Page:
However, the biggest benefit of LTE-Advanced is expected to be carrier aggregation. This part of the standard lets service providers combine multiple small blocks of spectrum into one block that's large enough to deliver a strong LTE service. They'll even be able to tie together frequencies that are in widely different bands, taking advantage of already licensed spectrum that otherwise might have gone unused or underutilized.
Clearwire, the WiMax wholesale operator that plans to launch an LTE-Advanced network next year, plans to use carrier aggregation to combine two 20MHz spectrum blocks into a single block with 40MHz, said John Saw, Clearwire's chief technology officer. That will outstrip the 20MHz that both Verizon and AT&T are using for LTE in most markets. However, any carrier aggregation move has to use spectrum combinations that are certified by the 3GPP so device makers will have a specification to work with, Saw said.
Another technology that can help service providers use their spectrum more efficiently is TDD-LTE (time-division duplexing LTE). Most operators are building their networks with FDD (frequency-division duplexing) systems, which use two paired bands of spectrum, one for upstream and one for downstream traffic. Some are required to do so by regulators. TDD-LTE, on the other hand, uses one block of spectrum for traffic in both directions and segregates them by the amount of time they can take on the network. That better suits real traffic patterns and gives the operator more flexibility in how to use its spectrum, according to Clearwire, which uses TDD-LTE.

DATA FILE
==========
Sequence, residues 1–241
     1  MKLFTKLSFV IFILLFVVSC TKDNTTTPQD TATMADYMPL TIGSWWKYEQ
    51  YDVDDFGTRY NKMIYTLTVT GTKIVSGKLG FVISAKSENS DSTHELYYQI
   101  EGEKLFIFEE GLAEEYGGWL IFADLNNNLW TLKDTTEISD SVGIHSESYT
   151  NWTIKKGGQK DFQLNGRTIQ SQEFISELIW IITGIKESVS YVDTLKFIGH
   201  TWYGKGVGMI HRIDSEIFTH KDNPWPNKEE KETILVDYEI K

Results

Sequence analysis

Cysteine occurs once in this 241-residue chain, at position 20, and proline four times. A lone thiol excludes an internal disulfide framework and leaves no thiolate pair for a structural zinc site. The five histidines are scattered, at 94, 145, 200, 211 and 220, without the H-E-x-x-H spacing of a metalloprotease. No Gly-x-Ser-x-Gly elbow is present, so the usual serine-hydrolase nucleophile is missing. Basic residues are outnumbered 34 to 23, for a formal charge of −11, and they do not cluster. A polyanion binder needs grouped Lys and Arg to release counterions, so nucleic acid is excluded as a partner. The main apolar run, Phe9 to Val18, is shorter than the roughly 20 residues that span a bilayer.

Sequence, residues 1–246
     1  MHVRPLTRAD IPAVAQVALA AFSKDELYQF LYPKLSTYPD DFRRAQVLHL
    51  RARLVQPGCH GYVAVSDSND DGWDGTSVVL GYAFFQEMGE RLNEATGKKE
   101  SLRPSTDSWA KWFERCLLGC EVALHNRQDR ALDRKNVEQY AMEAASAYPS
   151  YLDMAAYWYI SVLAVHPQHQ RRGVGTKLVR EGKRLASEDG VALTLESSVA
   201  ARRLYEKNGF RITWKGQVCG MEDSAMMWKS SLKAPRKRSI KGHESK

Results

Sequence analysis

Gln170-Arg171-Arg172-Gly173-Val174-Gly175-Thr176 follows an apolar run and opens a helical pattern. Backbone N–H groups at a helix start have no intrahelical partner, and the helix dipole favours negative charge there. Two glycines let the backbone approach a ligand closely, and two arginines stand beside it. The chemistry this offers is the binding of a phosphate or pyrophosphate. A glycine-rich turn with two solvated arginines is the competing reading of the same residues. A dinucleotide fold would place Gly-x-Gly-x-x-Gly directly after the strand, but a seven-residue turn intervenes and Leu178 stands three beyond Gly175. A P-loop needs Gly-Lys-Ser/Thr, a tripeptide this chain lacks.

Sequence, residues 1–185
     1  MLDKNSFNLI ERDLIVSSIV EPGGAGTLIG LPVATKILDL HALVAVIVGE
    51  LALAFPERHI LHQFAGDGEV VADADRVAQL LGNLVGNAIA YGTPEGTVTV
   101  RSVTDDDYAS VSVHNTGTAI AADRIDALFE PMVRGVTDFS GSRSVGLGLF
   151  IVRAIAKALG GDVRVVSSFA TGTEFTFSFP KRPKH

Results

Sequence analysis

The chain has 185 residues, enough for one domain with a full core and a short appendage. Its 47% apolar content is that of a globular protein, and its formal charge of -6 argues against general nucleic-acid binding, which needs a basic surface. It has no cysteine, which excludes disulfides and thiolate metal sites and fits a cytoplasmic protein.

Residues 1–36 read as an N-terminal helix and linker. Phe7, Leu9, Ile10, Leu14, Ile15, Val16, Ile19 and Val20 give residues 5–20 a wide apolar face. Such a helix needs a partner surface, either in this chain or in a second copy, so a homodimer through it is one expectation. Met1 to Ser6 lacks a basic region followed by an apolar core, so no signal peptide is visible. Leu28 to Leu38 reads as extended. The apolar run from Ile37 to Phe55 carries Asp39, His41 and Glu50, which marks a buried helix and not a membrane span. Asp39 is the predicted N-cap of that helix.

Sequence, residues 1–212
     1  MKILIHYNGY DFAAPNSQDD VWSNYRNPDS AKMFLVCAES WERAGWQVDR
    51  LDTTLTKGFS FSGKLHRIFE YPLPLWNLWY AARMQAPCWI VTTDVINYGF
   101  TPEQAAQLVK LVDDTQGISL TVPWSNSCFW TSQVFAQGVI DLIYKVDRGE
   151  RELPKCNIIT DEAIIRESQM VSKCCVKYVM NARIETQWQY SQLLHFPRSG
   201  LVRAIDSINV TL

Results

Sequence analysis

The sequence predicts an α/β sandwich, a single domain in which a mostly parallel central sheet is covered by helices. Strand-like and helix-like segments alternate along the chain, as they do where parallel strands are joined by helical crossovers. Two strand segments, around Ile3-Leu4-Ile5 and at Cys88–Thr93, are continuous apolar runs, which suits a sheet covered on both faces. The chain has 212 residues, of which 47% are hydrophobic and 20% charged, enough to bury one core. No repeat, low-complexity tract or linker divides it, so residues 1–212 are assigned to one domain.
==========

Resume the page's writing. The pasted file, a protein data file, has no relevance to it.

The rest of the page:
"TDD allows me to tailor my spectrum resources to where my customers' behavior is," Clearwire's Saw said. This system can also make it easier to combine multiple chunks of spectrum, because each chunk doesn't have to be paired with another, he said.
Making better use of all spectrum
Some experts say it's time to throw out the whole notion of allocating certain frequencies exclusively to commercial mobile services, or to any exclusive use. Instead, they advocate mobile operators sharing spectrum with current users, such as government agencies.
In a report issued earlier this year, the U.S. President's Council of Advisors on Science and Technology recommended that the secretary of commerce identify 1,000MHz of frequencies where commercial and federal users could coexist. "This study finds that today's apparent shortage of spectrum is in fact an illusion brought about because of the way spectrum is managed," the report said.